◦ The second left hand points towards the raised foot which signifies upliftment and liberation. It also points to the left foot with the sign of the elephant which leads the way through the jungle of ignorance.
    ◦ The dwarf on which Nataraja dances is the demon Apasmara (Muyalaka, as known in Tamil), which symbolises Shiva’s victory over ignorance. It also represents the passage of spirit from the divine into material.
    ◦ As the Lord of Dance, Nataraja, Shiva performs the tandava, the dance in which the universe is created, maintained, and dissolved. Shiva’s long, matted tresses, usually piled up in a knot, loosen during the dance and crash into the heavenly bodies, knocking them off course or destroying them utterly.
    ◦ The surrounding flames represent the manifest Universe.
    ◦ The snake swirling around his waist is kundalini, the Shakti or divine force thought to reside within everything. This also parallels the cords of life worn by the Brahmins to represent the second rebirth.
    The stoic face of Shiva represents his neutrality, thus being in balance.
    An essential significance of Shiva’s dance at Tillai, the traditional name of Chidambaram, can be explained as:
    ◦ First, it is seen as the image of his rhythmic play which is the source of all movement within the universe. This is represented by the circular or elliptical frame surrounding the Lord.
    ◦ Secondly, the purpose of his dance is to release the souls of all men from the snare of illusion.
    ◦ Lastly, the place of the dance, Chidambaram, which is portrayed as the center of the universe, is actually within the heart.
    Dancing is seen as an art in which the artist and the art s/he creates are one and the same, thought to evoke the oneness of God and creation.” [from Wikipedia entry on Nataraj]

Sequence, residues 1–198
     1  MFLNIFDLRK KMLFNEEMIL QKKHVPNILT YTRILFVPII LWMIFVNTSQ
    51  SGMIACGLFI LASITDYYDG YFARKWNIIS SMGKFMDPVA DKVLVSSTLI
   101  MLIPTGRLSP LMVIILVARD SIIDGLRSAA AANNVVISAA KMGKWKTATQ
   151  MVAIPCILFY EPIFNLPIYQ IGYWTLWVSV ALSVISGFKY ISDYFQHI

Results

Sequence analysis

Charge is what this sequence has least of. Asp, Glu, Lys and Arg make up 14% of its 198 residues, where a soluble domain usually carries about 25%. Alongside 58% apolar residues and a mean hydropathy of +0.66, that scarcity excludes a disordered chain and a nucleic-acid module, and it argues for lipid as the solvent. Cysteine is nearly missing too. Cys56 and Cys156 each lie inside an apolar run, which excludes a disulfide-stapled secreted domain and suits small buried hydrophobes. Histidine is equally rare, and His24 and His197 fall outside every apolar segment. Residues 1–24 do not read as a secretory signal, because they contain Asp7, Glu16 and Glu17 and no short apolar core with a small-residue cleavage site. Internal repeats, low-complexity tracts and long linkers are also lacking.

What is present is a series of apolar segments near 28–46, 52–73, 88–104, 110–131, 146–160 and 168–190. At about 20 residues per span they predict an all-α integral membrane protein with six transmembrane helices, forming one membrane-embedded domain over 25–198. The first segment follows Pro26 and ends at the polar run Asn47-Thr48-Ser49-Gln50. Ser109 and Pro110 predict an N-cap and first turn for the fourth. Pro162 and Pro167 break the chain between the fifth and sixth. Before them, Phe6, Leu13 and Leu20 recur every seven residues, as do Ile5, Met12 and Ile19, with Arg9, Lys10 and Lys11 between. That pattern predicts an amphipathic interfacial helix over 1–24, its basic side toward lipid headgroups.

• Hi Aldebaranredstar! Thank you for the kind words.
      Sharing personal stories on the internet is always a bit risky… You never know who might google you!

      I agree – the parallels between Shiva and MJ are interesting. Perhaps his friend Deepak Chopra gave him some lessons…

      • aldebaranredstar

        Bjorn, thanks for your comment. I promise not to google you! LOL.

        Re Deepak, Michael gave him a ‘thank you for your love and inspiration’ in Dancing the Dream, so it’s very possible. Also some of the ideas in DTD are very similar to ideas about the Shiva Nataraj and Vendanta/Kashmir Shaivism. For example, the quote about Shiva Nataraj above could be said by MJ: “Dancing is seen as an art in which the artist and the art s/he creates are one and the same, thought to evoke the oneness of God and creation.” This is pretty much exactly what he says in DTD and also his idea that art is the union of the divine and the secular (Oprah interview). In DTD he says while dancing “The creator and the creation merge into one wholeness of joy.” This very in line with Shiva, and also Emersonian (who was influenced by Eastern thought). About Shiva Nataraj: “the purpose of his dance is to release the souls of all men from the snare of illusion.” Well–“make that change”–MJ wanted to do much the same–heal the world.